It can be difficult to get into good habits when you live on your own, without your parents moaning at you to not eat the entire family sized bar of chocolate that mum bought yesterday, or to stop binge eating crisps instead of fruit, and to not order your third Domino’s of the week. And the worst sin of them all: ready meals. However, I truly believe that having a healthy diet leads to a healthier mind, more energy, more motivation and a better mood. I’ve written this post to give some tips on how to eat healthy and delicious meals on a student budget, and have included some of my favourite quick and easy recipes.

Food blogs can be an absolute knight in shining armour when it comes to healthy eating. Depending on your diet, allergies and tastes, there is a food blog out there for everyone. Some of my favourites are:

  • Deliciously Ella is great for veggie lovers. My personal favourite recipe of hers, is her Summer Vegetable Risotto. I don’t use the fancy pastes or every vegetable. But it’s a perfect super easy meal, that’s great to use leftover veg in and keep for lunch the next day.
  • The Almond Eater is another great blog for clean eating inspiration. I am obsessed with the Tomato and Garlic Pasta, its so so tasty! She also has yummy pancake recipes for a weekend breakfast treat.
  • I also love Lexi’s Clean Kitchen () and Clean Eating Alice on Instagram.

I personally love cooking and don’t mind spending a little bit longer making dinner when I know it’s going to taste amazing. I feel like if you put some herbs and spices on even the blandest of food you can make a delicious meal. And it’s so simple. Even putting a chicken breast with basil and lemon in the oven for 30 minutes, is going to be so much better for you than any ready meal in plastic shoved in a microwave. You can pretty much go by the rule that if it takes under 10 minutes to cook, it’s not going to be good for you.

In terms of cost, you could consider cutting down on meat (particularly red meat), only buy in season fruit ad veg, do not fear reduced items (they’re still going to be fresher than ready meals) and plan your weekly meals. This means you’ll stick to your shopping list, won’t waste food you bought on a whim and you can keep a track on your food budget better.

This by no means is any sort of diet plan for weight loss or gain. But by avoiding food we all know are full of salt and fat and fake flavours, you can make tasty meals like this cheaply and easily. And I promise, you’ll feel so much better for it.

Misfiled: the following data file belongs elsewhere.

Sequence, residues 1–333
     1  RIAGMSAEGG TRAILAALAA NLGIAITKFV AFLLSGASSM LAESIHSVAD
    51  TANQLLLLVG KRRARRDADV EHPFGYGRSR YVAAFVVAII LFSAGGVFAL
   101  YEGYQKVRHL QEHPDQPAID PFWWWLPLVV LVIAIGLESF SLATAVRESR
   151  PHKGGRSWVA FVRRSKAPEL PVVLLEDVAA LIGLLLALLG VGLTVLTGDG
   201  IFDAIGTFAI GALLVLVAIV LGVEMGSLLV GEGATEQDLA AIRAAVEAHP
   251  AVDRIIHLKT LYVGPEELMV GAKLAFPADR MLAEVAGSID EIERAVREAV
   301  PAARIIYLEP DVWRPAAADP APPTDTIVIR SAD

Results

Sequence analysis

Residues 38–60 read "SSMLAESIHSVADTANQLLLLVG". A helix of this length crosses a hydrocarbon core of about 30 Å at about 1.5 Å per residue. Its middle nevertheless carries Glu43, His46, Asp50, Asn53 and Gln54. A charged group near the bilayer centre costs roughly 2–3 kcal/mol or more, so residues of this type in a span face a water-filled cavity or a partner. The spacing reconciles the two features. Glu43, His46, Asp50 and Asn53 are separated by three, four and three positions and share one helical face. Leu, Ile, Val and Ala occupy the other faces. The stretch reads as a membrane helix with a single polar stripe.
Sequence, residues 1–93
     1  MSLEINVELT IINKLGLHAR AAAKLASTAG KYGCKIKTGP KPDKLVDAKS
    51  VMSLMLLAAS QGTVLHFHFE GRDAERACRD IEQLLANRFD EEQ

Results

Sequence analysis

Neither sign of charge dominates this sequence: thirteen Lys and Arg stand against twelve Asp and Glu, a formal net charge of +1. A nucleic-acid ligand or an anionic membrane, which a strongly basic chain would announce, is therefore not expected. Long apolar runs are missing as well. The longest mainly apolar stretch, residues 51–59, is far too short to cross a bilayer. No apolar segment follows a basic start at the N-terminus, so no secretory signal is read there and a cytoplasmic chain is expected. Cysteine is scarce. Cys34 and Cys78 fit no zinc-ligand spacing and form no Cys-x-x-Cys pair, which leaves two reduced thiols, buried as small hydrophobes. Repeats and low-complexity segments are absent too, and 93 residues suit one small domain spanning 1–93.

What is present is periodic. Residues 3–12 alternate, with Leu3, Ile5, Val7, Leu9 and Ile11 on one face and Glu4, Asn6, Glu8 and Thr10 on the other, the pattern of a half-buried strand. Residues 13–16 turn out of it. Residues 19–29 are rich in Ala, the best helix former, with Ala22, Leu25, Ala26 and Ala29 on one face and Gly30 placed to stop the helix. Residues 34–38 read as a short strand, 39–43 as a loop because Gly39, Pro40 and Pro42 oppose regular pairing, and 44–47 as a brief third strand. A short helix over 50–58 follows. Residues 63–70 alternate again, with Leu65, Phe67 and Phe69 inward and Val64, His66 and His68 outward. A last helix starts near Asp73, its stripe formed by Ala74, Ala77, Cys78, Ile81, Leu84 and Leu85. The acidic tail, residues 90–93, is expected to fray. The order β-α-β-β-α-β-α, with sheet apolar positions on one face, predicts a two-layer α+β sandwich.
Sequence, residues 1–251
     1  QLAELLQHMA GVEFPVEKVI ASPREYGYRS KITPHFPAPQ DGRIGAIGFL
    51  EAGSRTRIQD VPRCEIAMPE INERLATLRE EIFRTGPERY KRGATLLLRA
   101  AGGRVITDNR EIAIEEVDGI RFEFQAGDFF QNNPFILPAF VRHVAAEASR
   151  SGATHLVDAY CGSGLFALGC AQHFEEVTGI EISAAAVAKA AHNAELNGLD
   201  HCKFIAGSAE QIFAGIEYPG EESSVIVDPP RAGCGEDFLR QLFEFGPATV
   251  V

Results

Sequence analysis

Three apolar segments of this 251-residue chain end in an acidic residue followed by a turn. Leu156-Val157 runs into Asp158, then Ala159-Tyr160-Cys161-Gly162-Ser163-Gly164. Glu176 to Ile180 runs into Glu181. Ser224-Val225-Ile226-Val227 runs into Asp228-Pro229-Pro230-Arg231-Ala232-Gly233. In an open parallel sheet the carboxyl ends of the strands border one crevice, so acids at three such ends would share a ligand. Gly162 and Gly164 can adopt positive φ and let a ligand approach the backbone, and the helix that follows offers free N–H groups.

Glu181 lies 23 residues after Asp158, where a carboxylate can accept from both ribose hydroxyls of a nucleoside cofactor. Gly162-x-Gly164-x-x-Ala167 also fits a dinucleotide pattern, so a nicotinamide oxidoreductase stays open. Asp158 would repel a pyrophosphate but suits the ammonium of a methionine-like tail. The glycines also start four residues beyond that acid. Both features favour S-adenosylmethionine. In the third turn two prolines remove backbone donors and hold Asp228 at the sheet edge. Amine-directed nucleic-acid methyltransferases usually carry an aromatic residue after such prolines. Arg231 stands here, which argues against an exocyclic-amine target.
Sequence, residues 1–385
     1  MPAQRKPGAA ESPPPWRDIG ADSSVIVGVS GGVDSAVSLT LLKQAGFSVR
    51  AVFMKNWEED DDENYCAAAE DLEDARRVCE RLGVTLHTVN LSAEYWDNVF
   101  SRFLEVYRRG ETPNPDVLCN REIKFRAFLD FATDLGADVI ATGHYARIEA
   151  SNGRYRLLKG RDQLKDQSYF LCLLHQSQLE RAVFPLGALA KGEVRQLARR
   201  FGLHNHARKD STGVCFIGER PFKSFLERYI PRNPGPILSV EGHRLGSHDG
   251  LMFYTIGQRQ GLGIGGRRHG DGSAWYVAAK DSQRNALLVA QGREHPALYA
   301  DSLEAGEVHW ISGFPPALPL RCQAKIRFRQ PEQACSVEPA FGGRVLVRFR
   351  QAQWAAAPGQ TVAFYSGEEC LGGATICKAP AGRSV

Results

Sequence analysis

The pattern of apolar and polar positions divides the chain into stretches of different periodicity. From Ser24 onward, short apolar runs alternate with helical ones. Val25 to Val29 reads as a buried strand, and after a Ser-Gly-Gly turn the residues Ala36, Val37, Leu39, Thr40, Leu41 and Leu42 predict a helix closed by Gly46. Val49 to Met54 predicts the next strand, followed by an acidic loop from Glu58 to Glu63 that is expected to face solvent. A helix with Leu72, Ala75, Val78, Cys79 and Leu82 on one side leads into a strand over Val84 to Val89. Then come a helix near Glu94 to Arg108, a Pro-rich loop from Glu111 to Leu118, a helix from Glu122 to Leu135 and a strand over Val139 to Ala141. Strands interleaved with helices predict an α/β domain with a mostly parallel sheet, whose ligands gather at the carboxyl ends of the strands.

Here are some of the dishes I have recently made:

Lemon Chicken and Pomegranate Salad

Lemon Chicken and Pomegranate Salad

My favourite- Summer Vegetable Risotto

My favourite- Summer Vegetable Risotto

Pepper, Tomato, Feta and Pesto Pizza

Pepper, Tomato, Feta and Pesto Pizza

Tomato and Garlic Pasta cooking away

Tomato and Garlic Pasta cooking away

 

Why I chose Business Administration at Bath

  

📥  First year, Mia (Business Administration)

When I was first applying for uni, I always knew I wanted to do business because it was the most relevant degree to what I wanted a career in. However, there are a broad range of business degrees that you can do. Most commonly people choose Business Management. Business Studies is also popular. But not many people hear of Business Administration. On this blog post I will outline the reasons why I chose the BBA programme over management and why I chose Bath in particular.

From GCSE onwards I only ever thought about going to the University of Sussex.  They had a great business management course that I was almost guaranteed to get into with my ABB predicted grades and it was a 30 minute drive from my house, meaning that I could save money by living at home. At this point my mum persuaded me the day before I applied to give myself a couple more options. So I went through the uni rankings for business and chose a few in the top 20 that weren’t too far from home. I ended up applying for Sussex, Surrey, Southampton and Bath (twice). I applied for Business Management for all of these choices with the exception of Bath where I also added Business Administration on a whim.

The East entrance to the University

The East entrance to the University

Within a couple of weeks I was fortunate enough to receive offers from all of my choices. I think this was mainly because I applied very early and I had a strong personal statement and reference. After this, I was invited to applicant days. I attended all of them apart from Southampton. Having already visited open days at Sussex and Surrey and loving them both, I was unsure of also going to applicant days, but I am so glad I did. They made my decision 100 times easier!